The purpose of the workshop at Luleå University of Technology has been to find a way forward, see what all parties have done and how far they have come in their projects. Here it has been seen that things are going well with good progress from all parties.
- Much of what we have done these days has involved understanding how the projects can work together. They are built together and we want to look at how to strengthen all the connections and get a synergy between the different parties. For example, test technology and abrasion here in Luleå, and see how we can take advantage of it, says Pär Olsson, professor of nuclear technology at the Royal Institute of Technology.
Impressive premises and competence
- It has been nice and fun to visit Luleå University of Technology. Very impressive premises and laboratories as well as enriching collaboration with colleagues. To see the competence that the researchers have is very impressive, says Pär Olsson.
- When we started, we invited a researcher, and afterwards there were even more people who wanted to participate in the project. They are very helpful and interested, which is great fun, says Janne Wallenius, professor of reactor physics at the Royal Institute of Technology.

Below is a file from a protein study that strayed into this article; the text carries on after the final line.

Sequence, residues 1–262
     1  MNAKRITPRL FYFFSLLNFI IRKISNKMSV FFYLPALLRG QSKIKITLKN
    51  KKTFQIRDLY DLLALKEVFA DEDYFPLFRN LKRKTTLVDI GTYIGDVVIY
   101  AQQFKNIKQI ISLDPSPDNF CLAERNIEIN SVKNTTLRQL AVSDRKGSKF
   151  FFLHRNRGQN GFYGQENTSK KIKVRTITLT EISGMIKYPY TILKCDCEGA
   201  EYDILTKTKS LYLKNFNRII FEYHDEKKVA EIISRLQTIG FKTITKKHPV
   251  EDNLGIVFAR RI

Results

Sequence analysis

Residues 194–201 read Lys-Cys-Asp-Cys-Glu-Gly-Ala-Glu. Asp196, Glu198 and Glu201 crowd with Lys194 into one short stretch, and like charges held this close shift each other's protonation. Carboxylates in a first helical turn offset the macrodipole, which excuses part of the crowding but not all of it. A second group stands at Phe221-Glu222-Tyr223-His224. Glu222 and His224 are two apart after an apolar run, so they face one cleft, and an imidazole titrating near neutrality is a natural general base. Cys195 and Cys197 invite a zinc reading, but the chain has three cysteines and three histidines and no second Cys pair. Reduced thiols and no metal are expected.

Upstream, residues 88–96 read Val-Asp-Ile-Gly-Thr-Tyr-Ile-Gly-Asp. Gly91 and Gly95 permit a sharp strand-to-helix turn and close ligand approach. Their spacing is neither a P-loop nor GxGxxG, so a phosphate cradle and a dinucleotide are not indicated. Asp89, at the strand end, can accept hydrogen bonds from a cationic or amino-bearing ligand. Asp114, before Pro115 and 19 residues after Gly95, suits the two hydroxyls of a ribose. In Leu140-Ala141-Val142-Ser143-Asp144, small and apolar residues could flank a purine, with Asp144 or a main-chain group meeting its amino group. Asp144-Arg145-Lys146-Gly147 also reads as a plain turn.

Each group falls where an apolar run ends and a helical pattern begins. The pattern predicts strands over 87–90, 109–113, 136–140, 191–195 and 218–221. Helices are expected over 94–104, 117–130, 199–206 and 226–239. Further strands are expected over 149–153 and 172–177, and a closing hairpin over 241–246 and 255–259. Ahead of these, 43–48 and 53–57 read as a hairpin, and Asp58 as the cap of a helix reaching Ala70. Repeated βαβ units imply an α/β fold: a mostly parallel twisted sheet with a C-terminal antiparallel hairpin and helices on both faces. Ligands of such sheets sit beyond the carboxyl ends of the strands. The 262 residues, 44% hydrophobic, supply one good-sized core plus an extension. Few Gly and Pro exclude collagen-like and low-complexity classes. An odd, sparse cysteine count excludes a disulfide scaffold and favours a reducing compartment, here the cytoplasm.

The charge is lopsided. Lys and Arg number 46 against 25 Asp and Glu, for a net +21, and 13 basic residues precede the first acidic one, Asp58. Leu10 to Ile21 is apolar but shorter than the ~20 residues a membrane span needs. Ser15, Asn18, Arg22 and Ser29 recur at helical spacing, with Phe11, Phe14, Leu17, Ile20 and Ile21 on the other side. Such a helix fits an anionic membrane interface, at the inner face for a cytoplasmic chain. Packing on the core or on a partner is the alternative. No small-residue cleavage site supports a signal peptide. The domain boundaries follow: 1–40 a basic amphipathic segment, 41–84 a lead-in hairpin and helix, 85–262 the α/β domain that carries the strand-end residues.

- We have not previously collaborated with Luleå University of Technology on the topic of nuclear technology, but it has been very positive. We have found many instances where the university has been able to contribute with, among other things, testing of materials. The researchers' energy is very exuberant, says Pär Olsson.
- That Luleå University of Technology is participating is very relevant when you think about the larger context of Swedish industrial development. There is a lot that is happening and will happen in Norrland with the green transition, Northvolt, etc. And we feel that it plays into our context with.
Scientists have been fighting for a long time and now "suddenly" almost everyone is talking about nuclear power
- One reason is the electricity prices, the other is the war in Ukraine, which has led to a crisis of energy supplies in Europe, says Janne Wallenius
- However, the decision was made before these crises began. So that's not the driving force behind the projects. It has slowly but surely begun to dawn on enough decision-makers that we must invest in nuclear technology to cope with climate change and limit the climate catastrophe. With other fossil-free sources, it won't go fast enough and it simply won't be good enough, says Pär Olsson.